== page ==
Getting Your Period In Space Is Complicated

Photographed by Rockie Nolan
Here's something you've probably never considered, but totally makes sense: Getting your period in space could kind of suck.
Way back in 1983, Sally Ride, the first woman in space, was asked by reporters, "How will you deal with menstruation in space?" The answer is still being worked out, although NASA has gotten better at dealing with the issue since the '80s.
Menstruation was actually a major factor in women not making the journey into space. In 1964, Drs. Johnnie Betson Jr. and Robert Secrest wrote about the dangers of putting a menstruating woman (called "a temperamental psychophysiological human”) in space and in charge of "a complicated machine." This paper effectively shut down the Lovelace's Women in Space Program and kept women grounded for another 20 years.
In an astronaut class taught by Ride in 2010, she reportedly explained that periods are not that big of a deal. "I’m not totally sure who had the first period in space," Ride explained, "but they came back and said, 'Period in space, just like period on the ground. Don’t worry about it.'"
An analysis published in the journal npj Microgravity by space gynecologist Dr. Varsha Jain and space pharmacologist Virginia Wotring reports that there are a lot of logistics to consider. Many women in space take hormonal birth control and skip the placebo days to suppress menstruation. However, for longer journeys, that becomes more complex — how many pill packs can you bring for a three-year mission to Mars? When every ounce of weight counts, that's not an ideal solution.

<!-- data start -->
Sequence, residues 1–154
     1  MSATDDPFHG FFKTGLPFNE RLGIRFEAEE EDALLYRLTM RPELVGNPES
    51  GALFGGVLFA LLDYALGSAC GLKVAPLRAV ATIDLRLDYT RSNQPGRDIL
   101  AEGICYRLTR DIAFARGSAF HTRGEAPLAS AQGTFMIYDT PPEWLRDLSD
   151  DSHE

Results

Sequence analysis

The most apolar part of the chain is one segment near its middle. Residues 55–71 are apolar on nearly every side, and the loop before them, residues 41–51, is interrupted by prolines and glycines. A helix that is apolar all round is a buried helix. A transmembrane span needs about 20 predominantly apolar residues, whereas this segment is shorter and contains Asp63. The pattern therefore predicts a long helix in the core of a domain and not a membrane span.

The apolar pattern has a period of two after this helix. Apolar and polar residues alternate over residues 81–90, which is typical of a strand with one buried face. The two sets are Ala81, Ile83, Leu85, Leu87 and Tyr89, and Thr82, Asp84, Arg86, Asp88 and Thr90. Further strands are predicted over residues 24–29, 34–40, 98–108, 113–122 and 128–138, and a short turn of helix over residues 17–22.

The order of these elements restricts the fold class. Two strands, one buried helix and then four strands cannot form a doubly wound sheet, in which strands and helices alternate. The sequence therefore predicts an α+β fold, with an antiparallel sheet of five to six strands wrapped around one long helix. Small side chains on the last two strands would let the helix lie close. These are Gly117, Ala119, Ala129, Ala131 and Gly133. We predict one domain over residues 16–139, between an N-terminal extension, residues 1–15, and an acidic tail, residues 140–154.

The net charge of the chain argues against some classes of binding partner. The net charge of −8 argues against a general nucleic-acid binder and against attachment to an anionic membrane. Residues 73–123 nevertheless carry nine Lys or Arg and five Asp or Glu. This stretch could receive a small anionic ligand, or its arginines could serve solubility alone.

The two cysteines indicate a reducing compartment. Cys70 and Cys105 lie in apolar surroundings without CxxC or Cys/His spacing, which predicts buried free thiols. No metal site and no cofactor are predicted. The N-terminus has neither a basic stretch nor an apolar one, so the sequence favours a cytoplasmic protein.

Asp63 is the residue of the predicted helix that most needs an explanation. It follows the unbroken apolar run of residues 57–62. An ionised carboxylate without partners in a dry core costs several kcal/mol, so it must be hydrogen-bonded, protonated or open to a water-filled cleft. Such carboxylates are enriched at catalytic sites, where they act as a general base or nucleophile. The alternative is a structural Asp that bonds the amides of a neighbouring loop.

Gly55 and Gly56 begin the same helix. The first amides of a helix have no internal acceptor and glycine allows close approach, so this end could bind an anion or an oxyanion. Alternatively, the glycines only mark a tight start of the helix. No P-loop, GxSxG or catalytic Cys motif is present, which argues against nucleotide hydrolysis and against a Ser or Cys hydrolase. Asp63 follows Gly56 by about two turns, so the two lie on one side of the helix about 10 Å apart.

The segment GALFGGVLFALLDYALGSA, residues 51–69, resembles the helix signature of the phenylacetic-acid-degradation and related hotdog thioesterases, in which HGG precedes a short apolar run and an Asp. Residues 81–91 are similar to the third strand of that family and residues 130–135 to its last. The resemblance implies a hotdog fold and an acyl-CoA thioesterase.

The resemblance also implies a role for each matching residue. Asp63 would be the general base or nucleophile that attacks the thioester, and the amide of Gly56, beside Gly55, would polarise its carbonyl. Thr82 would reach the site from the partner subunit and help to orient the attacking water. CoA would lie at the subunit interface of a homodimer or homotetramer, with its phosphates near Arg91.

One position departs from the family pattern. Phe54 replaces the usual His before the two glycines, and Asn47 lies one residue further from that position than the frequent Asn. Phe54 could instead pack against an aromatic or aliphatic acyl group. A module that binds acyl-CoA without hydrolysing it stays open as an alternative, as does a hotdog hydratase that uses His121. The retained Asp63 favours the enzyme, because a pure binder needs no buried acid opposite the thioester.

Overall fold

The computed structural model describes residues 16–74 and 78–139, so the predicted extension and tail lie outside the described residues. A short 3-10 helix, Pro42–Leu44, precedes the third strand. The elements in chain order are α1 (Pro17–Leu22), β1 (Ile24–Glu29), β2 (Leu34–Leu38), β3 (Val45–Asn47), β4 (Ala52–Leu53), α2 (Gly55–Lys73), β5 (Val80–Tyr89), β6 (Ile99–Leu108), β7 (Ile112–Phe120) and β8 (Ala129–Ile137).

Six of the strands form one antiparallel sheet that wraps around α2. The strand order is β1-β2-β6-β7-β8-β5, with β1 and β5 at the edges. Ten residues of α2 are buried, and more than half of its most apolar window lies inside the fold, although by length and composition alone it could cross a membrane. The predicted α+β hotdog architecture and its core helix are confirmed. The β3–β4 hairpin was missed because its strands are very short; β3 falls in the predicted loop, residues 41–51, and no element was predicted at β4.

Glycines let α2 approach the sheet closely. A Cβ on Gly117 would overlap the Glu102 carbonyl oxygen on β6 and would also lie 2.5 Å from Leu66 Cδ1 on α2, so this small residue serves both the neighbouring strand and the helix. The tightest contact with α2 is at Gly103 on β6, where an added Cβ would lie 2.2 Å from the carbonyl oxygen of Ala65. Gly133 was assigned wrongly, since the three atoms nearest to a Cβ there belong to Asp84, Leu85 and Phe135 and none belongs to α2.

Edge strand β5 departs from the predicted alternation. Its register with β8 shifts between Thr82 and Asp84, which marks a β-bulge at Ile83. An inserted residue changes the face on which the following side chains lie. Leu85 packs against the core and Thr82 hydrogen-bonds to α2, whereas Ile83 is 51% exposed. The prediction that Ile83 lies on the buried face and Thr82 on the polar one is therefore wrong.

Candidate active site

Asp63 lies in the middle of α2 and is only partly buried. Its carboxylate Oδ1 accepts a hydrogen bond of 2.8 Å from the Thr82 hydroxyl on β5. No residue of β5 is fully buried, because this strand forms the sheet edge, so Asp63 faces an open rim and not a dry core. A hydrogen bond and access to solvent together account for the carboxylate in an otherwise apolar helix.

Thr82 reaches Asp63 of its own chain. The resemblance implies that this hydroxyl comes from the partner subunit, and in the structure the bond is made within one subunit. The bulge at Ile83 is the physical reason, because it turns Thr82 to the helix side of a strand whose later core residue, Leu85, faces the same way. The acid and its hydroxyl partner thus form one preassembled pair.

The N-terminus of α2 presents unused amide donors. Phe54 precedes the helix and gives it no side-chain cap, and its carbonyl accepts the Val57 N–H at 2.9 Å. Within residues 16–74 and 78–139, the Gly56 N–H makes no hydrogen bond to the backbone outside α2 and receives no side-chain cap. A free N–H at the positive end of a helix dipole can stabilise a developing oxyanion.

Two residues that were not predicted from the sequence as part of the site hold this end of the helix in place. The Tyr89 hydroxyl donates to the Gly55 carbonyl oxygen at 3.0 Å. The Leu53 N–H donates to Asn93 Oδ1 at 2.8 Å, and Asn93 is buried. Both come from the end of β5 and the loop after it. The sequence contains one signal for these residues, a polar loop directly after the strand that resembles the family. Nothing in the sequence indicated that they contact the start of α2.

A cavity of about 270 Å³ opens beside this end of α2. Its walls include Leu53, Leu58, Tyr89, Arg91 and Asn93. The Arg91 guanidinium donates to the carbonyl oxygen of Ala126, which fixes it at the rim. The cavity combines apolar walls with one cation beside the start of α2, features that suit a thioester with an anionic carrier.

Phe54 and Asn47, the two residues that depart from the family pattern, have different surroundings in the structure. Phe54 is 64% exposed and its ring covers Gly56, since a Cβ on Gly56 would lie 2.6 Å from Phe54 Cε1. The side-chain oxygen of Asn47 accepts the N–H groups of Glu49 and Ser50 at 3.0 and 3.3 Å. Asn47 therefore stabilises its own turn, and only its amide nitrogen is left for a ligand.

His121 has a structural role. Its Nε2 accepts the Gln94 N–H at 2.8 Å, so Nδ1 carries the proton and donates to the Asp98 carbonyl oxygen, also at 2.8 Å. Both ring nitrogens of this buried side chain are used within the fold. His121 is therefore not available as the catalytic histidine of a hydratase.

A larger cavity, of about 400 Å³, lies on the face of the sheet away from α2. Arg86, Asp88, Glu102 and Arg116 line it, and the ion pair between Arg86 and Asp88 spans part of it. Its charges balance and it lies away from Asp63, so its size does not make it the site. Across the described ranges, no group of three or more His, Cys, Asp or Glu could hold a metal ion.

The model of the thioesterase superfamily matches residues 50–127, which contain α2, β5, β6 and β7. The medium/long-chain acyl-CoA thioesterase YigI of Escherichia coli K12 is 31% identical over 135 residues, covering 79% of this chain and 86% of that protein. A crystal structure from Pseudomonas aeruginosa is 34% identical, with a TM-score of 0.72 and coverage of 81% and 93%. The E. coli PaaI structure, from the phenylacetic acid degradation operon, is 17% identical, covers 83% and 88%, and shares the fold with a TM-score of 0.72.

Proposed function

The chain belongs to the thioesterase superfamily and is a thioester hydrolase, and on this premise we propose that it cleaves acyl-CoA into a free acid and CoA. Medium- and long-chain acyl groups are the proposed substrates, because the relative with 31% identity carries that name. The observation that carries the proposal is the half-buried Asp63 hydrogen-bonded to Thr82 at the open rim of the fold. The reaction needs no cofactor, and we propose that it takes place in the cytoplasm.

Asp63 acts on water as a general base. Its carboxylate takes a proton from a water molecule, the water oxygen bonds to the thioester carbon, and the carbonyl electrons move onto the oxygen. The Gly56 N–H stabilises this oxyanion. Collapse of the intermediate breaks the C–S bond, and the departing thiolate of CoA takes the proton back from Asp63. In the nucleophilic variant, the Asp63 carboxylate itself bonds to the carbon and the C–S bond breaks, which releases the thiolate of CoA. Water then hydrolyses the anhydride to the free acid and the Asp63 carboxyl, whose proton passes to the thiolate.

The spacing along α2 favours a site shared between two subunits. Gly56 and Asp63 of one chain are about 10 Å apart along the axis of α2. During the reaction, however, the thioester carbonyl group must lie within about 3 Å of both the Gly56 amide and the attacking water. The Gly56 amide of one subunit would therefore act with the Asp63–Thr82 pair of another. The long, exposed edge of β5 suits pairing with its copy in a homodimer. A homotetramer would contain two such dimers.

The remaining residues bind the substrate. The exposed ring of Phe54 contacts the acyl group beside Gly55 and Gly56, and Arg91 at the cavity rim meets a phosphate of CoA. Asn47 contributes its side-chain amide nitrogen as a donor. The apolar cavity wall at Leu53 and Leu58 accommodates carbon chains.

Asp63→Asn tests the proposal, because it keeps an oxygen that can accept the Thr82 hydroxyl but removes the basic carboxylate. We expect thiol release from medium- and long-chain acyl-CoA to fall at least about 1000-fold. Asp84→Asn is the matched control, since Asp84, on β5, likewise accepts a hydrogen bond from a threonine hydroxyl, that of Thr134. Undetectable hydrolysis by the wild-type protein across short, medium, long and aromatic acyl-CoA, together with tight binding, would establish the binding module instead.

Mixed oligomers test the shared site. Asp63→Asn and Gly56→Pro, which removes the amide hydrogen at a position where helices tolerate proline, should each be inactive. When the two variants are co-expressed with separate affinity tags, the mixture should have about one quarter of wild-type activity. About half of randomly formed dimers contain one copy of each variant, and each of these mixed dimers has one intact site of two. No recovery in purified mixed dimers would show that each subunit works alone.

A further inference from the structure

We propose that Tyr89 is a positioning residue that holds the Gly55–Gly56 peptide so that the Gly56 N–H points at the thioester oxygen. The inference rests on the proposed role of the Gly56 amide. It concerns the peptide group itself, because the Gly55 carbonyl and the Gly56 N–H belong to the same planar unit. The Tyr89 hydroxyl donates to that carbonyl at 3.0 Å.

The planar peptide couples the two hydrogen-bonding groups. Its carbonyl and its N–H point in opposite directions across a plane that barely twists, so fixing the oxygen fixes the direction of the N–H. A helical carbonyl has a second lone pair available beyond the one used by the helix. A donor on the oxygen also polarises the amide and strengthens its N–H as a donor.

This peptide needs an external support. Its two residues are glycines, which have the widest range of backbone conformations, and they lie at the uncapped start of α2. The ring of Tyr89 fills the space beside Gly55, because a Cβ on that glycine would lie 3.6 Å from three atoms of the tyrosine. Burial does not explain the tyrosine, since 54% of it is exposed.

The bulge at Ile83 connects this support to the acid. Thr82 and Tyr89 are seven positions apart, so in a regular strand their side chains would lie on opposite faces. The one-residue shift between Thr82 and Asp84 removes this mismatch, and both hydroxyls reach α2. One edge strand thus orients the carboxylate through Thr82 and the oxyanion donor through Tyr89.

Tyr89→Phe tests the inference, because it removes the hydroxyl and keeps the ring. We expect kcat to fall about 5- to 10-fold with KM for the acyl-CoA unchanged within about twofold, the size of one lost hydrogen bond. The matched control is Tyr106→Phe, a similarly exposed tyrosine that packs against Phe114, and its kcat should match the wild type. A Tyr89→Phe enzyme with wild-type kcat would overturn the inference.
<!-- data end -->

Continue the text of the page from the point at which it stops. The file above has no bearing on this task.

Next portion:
Jain and Wotring conclude that hormonal IUDs and implants might be better options, as they can last up to five years. However, since the effects of zero gravity on IUDs haven't been studied, there's no way to know if it could potentially dislodge and create a health issue — and you can't just run to your gyno if you're on Mars.

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